West Gulf Coastal Plains Southern Calcareous Prairie

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Nature Serve ID: CES203.379


Primarily associated with the Fleming Formation, a calcareous clay/sandstone of Miocene age. The Cook Mountain Formation, a marly Eocene formation, may also give rise to clays that support this system.


Occurs on upper slopes and broad uplands in gently undulating landscapes.


Circumneutral to moderately alkaline, vertic soils such as Ferris, Houston Black, or Wiergate clays.

Parent Description

This graminoid-dominated system occurs within a landscape generally dominated by forest and woodland. It occupies deep vertic soils with circumneutral surface pH, a condition uncommon in the landscape of predominantly acidic, forested soils. Occurrences may reflect a relationship to the blackland prairie further to the west, within the Fayette Prairie, and some consider these small patch prairies to be outliers of the Blackland Tallgrass Prairie. The system may be dominated by species such as Schizachyrium scoparium (little bluestem), Sorghastrum nutans (Indiangrass), Bothriochloa laguroides ssp. torreyana (silver bluestem), Bouteloua curtipendula (sideoats grama), Andropogon gerardii (big bluestem), Nassella leucotricha (Texas wintergrass), Paspalum pubiflorum (hairyseed paspalum), and Panicum virgatum (switchgrass). Non-native grasses such as Bothriochloa ischaemum var. songarica (King Ranch bluestem), Bromus arvensis (Japanese brome), Cynodon dactylon (Bermudagrass), and/or Lolium perenne (Italian ryegrass) may be conspicuous to dominant. Other herbaceous species that may be encountered include Acacia angustissima (prairie acacia), Carex cherokeensis (Cherokee sedge), Croton monanthogynus (doveweed), Neptunia spp. (neptunia), Carex microdonta (smalltooth sedge), Grindelia lanceolata (Gulf gumweed), Rudbeckia missouriensis (Missouri coneflower), Rudbeckia hirta (blackeyed susan), Indigofera miniata (scarlet-pea), Arnoglossum plantagineum (groovestem Indian plantain), Euphorbia bicolor (snow-on-the-prairie), Dalea spp. (prairieclovers), Coreopsis tinctoria (plains coreopsis), Eustoma exaltatum (tall prairie gentian), and Symphyotrichum spp. (asters). Various woody species from the surrounding landscape, including Pinus taeda (loblolly pine), Ulmus alata (winged elm), Liquidambar styraciflua (sweetgum), Juniperus virginiana (eastern redcedar), Crataegus spathulata (littlehip hawthorn), Crataegus crus-galli (cockspur hawthorn), Sideroxylon lanuginosum (gum bumelia), and others, may invade these prairies. Non-native woody species, such as Rosa bracteata (Macartney rose), may also invade. This may be a result of long-term fire suppression.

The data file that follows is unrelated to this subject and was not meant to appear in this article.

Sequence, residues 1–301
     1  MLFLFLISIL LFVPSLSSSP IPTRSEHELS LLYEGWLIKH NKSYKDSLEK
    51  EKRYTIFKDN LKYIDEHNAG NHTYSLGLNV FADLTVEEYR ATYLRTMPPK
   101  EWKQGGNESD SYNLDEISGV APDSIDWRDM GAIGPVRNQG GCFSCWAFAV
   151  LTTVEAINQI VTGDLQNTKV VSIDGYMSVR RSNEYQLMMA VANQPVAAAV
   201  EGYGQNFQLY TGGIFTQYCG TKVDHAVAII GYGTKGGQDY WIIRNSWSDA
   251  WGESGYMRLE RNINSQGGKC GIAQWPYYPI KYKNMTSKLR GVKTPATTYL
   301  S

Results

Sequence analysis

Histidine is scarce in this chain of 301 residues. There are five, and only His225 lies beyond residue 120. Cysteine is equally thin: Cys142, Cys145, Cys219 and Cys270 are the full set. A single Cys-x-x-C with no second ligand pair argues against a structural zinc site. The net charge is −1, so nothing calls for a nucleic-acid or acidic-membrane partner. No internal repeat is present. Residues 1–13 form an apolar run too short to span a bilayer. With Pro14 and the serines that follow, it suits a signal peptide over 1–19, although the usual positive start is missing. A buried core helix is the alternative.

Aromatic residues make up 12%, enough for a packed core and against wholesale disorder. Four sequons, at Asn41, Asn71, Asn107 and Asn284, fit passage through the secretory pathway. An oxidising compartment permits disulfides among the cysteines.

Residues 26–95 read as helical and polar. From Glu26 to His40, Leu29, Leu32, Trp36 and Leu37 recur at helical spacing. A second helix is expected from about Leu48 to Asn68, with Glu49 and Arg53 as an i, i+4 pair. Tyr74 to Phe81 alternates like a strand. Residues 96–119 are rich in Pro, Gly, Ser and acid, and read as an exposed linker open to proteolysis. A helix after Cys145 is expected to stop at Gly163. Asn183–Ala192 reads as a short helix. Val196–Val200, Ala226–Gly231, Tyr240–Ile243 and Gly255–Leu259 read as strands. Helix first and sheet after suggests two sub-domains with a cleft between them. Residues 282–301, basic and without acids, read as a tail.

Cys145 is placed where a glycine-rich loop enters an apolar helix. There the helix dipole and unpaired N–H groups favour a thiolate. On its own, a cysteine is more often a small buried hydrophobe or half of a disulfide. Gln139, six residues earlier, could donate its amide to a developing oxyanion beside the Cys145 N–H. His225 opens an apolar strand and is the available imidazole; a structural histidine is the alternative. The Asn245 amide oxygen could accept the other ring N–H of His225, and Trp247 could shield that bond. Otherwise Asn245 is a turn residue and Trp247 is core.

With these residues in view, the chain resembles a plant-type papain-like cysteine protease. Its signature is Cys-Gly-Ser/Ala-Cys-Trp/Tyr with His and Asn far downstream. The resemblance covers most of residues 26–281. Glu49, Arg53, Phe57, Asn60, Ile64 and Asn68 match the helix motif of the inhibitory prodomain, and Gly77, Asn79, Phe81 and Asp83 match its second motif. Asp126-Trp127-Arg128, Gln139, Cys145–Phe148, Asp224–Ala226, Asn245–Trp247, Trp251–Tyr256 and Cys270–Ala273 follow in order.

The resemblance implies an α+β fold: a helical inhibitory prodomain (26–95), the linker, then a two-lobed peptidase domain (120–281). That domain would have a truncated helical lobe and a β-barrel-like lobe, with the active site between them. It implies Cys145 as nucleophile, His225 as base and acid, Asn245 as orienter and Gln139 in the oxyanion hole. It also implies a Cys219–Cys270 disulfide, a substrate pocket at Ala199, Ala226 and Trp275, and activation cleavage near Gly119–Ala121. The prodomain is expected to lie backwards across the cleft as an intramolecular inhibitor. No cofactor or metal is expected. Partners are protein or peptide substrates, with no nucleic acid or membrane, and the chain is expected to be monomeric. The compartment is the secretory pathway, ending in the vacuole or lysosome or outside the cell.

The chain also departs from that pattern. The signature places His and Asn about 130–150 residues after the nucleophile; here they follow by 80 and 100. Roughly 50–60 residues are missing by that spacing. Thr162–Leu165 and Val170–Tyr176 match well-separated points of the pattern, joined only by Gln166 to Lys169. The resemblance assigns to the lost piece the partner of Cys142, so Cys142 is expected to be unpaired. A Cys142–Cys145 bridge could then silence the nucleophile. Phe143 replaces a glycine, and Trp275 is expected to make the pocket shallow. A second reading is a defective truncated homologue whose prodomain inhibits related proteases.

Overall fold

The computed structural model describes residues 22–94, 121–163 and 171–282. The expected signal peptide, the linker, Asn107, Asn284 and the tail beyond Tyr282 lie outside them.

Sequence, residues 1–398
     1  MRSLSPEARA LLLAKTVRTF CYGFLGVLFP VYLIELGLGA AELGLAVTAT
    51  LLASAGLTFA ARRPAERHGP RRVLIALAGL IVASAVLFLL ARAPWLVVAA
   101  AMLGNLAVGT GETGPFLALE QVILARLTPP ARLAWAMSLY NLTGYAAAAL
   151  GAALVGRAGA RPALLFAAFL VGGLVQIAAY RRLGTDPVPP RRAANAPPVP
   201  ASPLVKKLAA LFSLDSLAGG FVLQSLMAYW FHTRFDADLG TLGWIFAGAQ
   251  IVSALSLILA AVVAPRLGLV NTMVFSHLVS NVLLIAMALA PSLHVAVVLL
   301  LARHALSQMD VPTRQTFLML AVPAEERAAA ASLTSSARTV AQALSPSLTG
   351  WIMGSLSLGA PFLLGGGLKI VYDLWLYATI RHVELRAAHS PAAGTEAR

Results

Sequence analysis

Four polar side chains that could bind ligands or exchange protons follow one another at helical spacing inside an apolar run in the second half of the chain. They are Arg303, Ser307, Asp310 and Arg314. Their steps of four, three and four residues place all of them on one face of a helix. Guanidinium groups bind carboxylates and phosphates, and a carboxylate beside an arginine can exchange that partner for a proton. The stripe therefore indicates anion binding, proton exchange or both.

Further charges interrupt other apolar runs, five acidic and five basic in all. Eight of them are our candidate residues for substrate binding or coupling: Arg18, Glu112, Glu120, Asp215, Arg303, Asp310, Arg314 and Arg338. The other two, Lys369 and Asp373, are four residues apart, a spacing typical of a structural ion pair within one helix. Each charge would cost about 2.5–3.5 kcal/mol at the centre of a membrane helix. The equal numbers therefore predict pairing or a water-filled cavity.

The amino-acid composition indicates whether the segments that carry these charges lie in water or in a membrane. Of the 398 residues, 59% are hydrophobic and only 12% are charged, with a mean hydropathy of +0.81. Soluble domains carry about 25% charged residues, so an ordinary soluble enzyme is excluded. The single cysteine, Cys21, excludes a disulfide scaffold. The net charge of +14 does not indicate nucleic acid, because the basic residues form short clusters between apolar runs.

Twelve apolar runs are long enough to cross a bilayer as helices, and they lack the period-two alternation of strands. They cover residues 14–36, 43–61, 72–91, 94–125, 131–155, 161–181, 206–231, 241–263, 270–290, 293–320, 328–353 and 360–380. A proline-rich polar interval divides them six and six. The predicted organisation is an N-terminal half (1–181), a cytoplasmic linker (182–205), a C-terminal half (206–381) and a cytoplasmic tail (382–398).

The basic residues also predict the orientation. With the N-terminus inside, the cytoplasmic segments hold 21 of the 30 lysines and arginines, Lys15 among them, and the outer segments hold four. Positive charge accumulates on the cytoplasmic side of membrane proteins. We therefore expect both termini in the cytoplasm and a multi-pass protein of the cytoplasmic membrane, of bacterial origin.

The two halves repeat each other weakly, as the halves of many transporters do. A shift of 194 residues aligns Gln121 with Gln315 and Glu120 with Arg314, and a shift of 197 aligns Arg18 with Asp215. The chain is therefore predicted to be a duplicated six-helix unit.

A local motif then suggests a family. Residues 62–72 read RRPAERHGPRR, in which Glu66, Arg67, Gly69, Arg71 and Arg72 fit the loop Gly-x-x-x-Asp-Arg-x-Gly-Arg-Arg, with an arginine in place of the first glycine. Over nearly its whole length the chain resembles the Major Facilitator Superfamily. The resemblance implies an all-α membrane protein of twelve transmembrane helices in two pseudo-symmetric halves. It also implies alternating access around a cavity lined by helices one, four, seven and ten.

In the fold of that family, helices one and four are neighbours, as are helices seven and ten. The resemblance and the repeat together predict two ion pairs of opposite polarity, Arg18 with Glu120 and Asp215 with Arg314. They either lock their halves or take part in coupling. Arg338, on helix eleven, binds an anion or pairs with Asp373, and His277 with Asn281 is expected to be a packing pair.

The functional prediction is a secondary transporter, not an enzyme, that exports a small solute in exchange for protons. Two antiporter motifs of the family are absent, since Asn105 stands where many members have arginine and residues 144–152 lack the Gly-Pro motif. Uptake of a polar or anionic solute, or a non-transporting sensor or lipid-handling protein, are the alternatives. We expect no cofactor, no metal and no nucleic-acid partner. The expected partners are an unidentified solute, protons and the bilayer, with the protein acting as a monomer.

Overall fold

Ecological Mapping Systems

Pineywoods: Southern Calcareous Mixedgrass Prairie

Mapping System ID: 4407

As described for the system.

Distribution Map

Pineywoods: Southern Calcareous Mixedgrass Prairie


Example Pineywoods: Southern Calcareous Mixedgrass Prairie.jpg

Public Land Occurrence

  • None.